The tips below may serve as a guide to help avoid those preventable outcomes, as Citizen-Soldier continues its safety series with earthquake safety.
Every year millions of people are affected by natural disasters and accidents. While Army National Guard Soldiers are most often at the forefront of the first responders working to save and protect individuals, National Guard members and Families are also susceptible to these same disasters and accidents. Some of the unfortunate outcomes from such events are unavoidable, but some can be prevented.
An earthquake is the rapid shaking of the earth, which is caused by the breaking and shifting of underground rock. Earthquakes can happen anywhere, without warning, and can cause other disasters like tsunamis, landslides and avalanches. The movement can damage buildings and make them collapse, damage roads and even cause fires. Most of the injuries and deaths in an earthquake are actually caused by falling items in and on buildings. Before you experience an earthquake, discuss safety with your Family and protect them by preparing your home.
Start thinking about earthquakes now and discuss with your Family what to do during an earthquake. Talking ahead of time can help reduce stress during an emergency. You should develop a plan that details a safe place in each room of your house, and even at your workplace or school. Safe places should have cover, like under a piece of furniture, and should be away from windows, bookcases or any tall furniture that could fall and injure you. Emergency experts recommend “Drop, Cover and Hold On” as the steps to take during an earthquake, so practice them with your Family.
- Drop where you are, onto your hands and knees. Staying low protects you from being knocked down, but you can also crawl if needed.
- Cover your head and neck with one arm and hand. Crawl to shelter, either underneath a sturdy piece of furniture, or against an interior wall.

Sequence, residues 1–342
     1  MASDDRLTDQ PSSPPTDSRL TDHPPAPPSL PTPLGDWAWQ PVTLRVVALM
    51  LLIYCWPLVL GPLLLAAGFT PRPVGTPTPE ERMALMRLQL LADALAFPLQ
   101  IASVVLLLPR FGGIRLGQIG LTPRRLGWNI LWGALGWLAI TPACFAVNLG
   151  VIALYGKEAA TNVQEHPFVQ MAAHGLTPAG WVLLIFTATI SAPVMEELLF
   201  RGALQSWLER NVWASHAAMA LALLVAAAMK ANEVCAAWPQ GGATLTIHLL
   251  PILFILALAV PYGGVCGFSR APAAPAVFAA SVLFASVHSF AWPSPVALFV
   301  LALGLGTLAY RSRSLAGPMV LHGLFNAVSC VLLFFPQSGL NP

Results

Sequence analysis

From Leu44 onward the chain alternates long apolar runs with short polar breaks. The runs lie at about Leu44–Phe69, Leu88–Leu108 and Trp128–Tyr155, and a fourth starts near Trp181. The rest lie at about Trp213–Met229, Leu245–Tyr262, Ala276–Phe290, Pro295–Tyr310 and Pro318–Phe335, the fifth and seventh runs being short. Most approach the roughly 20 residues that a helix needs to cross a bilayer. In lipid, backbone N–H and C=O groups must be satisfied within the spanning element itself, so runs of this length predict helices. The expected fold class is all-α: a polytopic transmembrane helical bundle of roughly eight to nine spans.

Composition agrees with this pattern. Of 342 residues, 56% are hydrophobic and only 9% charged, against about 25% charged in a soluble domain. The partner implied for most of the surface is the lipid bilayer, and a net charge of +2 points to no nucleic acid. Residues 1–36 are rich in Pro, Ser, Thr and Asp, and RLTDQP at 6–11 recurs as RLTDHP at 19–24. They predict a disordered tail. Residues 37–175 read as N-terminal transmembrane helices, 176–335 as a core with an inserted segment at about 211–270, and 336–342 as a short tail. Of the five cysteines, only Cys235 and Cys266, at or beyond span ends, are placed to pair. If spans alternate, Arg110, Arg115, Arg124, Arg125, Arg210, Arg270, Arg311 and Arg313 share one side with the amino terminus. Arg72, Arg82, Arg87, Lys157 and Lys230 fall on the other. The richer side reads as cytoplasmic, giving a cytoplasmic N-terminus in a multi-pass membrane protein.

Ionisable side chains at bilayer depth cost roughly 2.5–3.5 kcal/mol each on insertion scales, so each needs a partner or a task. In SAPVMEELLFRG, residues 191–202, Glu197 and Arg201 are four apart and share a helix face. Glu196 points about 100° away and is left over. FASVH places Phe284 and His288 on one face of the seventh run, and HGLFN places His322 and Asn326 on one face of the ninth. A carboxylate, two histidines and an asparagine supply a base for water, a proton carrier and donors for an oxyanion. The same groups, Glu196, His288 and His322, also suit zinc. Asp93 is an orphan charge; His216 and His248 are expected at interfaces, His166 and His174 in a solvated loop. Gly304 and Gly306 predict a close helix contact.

- Hold on until shaking stops—either hold on to the piece of furniture that you are using as shelter, so you can move with it if it shifts; or hold on to your head and neck with both arms and hands if you do not have overhead shelter.
You can prepare your home now by securing heavy items that hang on walls, anchoring top-heavy, freestanding furniture to wall studs, and moving heavy and breakable objects onto low shelves. Heavy wall hangings, like pictures and mirrors, should be moved away from beds, couches and anywhere people sleep or sit. Go through each room of your house and imagine what could injure someone if it fell; for those things that could be dangerous, ensure they can not fall by moving or anchoring them.
If an earthquake occurs, try to remember “Drop, Cover and Hold On.” You should move as little as possible, because many injuries during earthquakes happen from people moving, then falling. Keep your head and torso protected as much as possible. Try to stay inside, but if you smell gas, get out of the building safely and move away. If you are outside when an earthquake hits, find an area away from buildings, power lines, trees and streetlights and drop to the ground.
Earthquakes can cause other disasters, so be prepared for aftershocks, landslides, tsunamis and fires. Fire is the most common danger after an earthquake, so stay observant and put out any small fires. Aftershocks can occur minutes or months after an earthquake; usually, they are smaller in magnitude, but sometimes they can have greater force. If you feel an aftershock, follow “Drop, Cover and Hold On” until it ends. Listen to the news and radio so you know about any disasters that could strike your area. If you are away from home, only return when authorities say it is safe.
Visit the sites below for more information on earthquake safety.
- gov/media-library-data/1527865427503 bbf6d7e61340e203c4607677cb83a69d/Earthquake_May2018.pdf
By Staff Writer Aryn Kitchell